3. I added, out of good-will to God himself; that is, purely for what he is himself, and not only for what to ourselves ; in this manner our apostle blesseth God here, even for this, that he is the God and Father of Christ. As loving God that ever he begot such a Son, he rejoieeth that so great a Father hath so great a Son ; to the mutual honour of each. How often doth he in his Epistles come in with this, even in the midst or conclusion of a discourse, which there was an occasion to magnify him, ‘who is God blessed for ever,’ which is a glorifying God as God, that is, in himself and by himself, thus blessed for ever. Thus Rom. i. 25, Rom. ix. 5, and elsewhere.
Yet, 4. together herewith, out of a sense of his goodness also to us. So here, though he blesseth him first for being the God of Christ, yet he withal after blesseth him for having blessed us with all blessings ; and God gives us leave so to do. ‘If you loved me [purely],’ says Christ, John xiv. 28, ‘you would rejoice, because I said, I go to my Father :‘ you would rejoice in my enjoyment of him, that is, in my blessedness in and through him, ‘who is greater than I,’ (as it follows,) and so is the fountain of that happiness I have. He takes it unkindly at our hands, If we rejoice not in his personal blessedness primarily, and in the first place. And thus as we love him because he loves us first, so we bless him because he blesseth us first and yet it must rise higher in the end, (and in heaven it will do so,) even purely to bless him for himself, or else we love him not, nor bless him, as the great God is to be loved and blessed by us. A meditation or two : -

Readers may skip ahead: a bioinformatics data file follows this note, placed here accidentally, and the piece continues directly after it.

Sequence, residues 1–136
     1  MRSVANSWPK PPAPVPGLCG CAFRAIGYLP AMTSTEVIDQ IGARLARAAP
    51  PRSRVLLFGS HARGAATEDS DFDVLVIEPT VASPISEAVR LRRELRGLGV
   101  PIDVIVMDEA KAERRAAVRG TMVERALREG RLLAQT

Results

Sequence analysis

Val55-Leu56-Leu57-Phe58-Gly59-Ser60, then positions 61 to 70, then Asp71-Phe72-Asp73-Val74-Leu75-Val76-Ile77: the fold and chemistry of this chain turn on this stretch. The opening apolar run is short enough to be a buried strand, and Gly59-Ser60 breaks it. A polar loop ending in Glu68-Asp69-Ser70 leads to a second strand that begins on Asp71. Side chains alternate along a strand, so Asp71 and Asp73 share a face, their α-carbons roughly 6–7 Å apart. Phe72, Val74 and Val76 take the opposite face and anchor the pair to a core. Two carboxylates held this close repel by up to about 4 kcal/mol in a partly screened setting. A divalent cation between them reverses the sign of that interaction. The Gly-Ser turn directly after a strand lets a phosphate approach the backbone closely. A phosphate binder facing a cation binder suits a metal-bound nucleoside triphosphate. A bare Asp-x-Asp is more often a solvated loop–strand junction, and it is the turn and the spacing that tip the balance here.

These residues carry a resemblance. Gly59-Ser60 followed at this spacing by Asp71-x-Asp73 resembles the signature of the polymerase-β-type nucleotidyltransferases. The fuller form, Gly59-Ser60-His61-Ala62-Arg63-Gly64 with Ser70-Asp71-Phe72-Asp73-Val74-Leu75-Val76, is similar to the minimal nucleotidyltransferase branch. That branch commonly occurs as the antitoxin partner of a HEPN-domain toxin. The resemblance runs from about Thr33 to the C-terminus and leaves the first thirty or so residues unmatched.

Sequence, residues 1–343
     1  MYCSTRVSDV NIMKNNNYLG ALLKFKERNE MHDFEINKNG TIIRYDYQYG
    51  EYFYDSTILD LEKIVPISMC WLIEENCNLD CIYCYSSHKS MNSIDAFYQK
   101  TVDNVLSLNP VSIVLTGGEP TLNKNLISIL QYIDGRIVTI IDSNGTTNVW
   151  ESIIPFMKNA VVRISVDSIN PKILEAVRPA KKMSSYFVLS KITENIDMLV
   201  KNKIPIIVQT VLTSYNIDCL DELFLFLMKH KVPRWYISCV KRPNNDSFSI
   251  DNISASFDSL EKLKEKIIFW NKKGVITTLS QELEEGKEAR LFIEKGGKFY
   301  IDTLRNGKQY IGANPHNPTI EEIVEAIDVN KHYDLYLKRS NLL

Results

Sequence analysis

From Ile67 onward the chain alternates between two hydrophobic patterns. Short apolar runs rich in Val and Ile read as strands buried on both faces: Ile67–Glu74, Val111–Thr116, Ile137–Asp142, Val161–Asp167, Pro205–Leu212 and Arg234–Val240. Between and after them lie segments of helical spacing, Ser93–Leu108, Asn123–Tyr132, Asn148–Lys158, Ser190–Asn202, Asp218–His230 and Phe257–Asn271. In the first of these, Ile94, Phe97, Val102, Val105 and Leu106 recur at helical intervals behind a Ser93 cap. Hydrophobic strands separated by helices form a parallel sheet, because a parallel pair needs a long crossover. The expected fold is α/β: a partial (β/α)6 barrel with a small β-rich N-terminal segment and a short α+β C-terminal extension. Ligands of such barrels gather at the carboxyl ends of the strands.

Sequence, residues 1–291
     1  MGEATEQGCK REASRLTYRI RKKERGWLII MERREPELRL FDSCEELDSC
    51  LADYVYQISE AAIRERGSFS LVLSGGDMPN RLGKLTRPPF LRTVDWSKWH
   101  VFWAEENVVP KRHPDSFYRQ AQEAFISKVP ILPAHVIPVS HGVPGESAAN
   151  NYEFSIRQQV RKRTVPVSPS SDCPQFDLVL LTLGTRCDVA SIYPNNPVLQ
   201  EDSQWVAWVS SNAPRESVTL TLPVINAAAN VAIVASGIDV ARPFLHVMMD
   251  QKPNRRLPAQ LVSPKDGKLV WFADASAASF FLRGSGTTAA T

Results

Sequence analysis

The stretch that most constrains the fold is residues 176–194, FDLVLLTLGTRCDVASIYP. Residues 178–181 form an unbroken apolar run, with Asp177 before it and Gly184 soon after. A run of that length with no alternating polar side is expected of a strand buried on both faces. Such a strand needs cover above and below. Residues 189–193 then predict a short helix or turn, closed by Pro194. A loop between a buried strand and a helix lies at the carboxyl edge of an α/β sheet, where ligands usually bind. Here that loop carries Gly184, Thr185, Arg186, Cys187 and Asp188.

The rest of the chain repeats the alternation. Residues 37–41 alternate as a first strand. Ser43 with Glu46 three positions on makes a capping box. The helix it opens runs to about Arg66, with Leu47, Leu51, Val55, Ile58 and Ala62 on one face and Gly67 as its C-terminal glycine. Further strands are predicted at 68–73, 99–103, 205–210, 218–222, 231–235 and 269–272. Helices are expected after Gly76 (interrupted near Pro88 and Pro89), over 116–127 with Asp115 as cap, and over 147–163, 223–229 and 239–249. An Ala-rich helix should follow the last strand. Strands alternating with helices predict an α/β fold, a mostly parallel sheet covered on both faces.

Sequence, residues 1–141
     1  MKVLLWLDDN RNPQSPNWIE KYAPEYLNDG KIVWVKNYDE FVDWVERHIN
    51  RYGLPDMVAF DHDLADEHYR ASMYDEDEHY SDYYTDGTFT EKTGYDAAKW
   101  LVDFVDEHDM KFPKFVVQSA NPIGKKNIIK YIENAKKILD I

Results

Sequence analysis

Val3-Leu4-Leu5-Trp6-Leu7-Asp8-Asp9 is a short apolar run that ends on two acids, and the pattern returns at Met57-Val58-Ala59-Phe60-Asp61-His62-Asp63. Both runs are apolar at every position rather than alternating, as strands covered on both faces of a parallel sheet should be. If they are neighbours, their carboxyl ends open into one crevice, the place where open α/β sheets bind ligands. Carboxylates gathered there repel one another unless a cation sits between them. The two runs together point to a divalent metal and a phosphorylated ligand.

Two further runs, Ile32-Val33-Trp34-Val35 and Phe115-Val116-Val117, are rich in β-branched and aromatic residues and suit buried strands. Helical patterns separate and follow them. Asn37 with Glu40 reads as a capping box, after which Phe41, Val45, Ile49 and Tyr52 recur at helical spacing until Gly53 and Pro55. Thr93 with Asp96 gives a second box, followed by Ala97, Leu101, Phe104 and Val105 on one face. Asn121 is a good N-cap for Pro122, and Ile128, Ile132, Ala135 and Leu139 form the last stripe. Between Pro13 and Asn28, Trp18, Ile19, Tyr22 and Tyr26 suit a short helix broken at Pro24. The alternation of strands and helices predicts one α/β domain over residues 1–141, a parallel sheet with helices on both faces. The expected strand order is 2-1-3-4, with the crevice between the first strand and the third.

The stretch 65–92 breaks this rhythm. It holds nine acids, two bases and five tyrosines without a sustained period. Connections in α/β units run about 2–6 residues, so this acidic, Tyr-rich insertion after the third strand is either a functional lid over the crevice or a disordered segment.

It is an infinite favour we are admitted to, and privilege vouchsafed to creatures, and indeed the highest, not only to pray to God to obtain all blessings, and to give thanks to him when we have them; and further to glorify him for the glory that is in him; but beyond all this, to bless him for all the blessedness that is in him, and for him to take in our Amen, our Euge, to his own blessedness, as in like manner he doth our faith as a seal to his truth and faithfulness. Oh, what is it He was not content to be blessed alone, but he must bless us, and make us partakers thereof. But further, as if not perfect without us, he blesseth himself in our returns and echoes of blessing to his blessedness, that so we in him, and he in us, might be blessed together for evermore. Amen.